The Vacationers

"He's looking in the wrong end."

"He takes after his father," she replied. Louder: "Will, be careful with that, honey."

They rested on the church steps overlooking the piazza; their son was three long, purposeful strides away. "He's fine."

"It's an eight-hundred-dollar camera. Plus the lens—"

"I can take it from him if you want."

"No, just… I dunno, keep an eye on him."

"I was already doing that, babe."

The camera was eventually set carefully down and forgotten as the child took to running full-tilt at groups of pigeons. "Where to next?"

"Home?" She rested her head on his shoulder.

"The hotel already? It's only—"

"Home home."

He glanced at the list in his hand; it was a column of mostly crossed-off landmarks. "It is all starting to blend together," he allowed. "Should we tell him to stop chasing the pigeons?"

"It's not like he's going to catch one."

Zombie Drabble #432 "Afloat"

Get to the boat, you said.

Get to the boat and everything will be fine, we'll be well-supplied to wait it out offshore: there's a de-salinator and fishing rods for when the canned food and bottled water runs out; there's a flare gun and a marine radio; there's the non-stop entertainment of zombies wading out thigh-deep against the tide and getting first confused and then knocked over. We thought: you're right, that's a good plan, that's a better plan than hiding in basements and getting surrounded and possibly eaten.

That was a hundred days ago. A hundred long, sea-sick days.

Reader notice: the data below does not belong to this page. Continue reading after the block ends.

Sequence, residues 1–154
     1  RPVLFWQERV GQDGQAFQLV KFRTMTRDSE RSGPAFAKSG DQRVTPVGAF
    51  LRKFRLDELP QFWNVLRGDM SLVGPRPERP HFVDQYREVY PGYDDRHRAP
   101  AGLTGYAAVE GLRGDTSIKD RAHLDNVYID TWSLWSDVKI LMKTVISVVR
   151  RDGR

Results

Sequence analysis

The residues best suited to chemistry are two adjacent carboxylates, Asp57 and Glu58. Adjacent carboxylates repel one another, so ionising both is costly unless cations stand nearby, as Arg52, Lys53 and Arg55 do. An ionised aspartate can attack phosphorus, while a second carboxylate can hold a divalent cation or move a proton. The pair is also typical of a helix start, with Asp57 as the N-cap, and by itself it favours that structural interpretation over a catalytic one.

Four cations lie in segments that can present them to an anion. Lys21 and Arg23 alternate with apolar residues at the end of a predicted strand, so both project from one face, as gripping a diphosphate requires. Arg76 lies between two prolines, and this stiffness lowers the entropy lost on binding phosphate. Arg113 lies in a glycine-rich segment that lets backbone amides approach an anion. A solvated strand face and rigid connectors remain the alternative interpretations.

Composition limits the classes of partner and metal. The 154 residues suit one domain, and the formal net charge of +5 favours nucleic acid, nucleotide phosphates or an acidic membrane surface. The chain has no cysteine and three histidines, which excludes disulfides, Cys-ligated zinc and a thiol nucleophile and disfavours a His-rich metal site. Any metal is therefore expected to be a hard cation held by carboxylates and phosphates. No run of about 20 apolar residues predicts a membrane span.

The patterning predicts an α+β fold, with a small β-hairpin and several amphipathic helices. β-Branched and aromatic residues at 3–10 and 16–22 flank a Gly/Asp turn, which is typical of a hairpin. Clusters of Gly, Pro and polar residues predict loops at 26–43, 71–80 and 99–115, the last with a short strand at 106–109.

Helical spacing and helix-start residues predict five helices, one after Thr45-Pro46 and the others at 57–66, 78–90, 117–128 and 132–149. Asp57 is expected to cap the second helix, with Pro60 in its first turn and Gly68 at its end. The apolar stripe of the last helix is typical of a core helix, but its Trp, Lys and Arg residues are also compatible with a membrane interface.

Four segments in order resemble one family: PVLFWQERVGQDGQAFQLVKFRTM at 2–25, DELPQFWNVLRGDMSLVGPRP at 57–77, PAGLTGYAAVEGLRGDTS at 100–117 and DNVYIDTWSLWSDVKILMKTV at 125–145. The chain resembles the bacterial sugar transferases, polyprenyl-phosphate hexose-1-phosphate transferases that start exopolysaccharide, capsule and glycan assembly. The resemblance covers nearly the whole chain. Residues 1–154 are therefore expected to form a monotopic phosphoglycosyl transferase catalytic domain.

Dick And Liz

We were on-again, off-again, always closing or opening, always on the verge of war or entente. Our friends, during periods of calm, said it meant we were really in love because it was proof of strong feeling. I think we hoped that was true; I think we took all those pictures of all those happy moments to convince ourselves of it, to bias our memories away from the always-incipient sturm und drang.

I think I may have been addicted to you, to your smell and to the curve of your body and to your worldly laugh. I drank you like whiskey and when you were gone I suffered in a cold sweat until I broke down and sought you out like an alcoholic desperate for an all-night liquor store.

But you, you weren't addicted to me: you were addicted to the adrenaline, to the heart-pounding thrill of it, of us. I was a theme-park roller-coaster to you. You rode me until you were tired and hot and wanted to rest on a bench in the shade; later, you'd jump up and declare that you were ready to go again, and there was never a line, not once, not for you.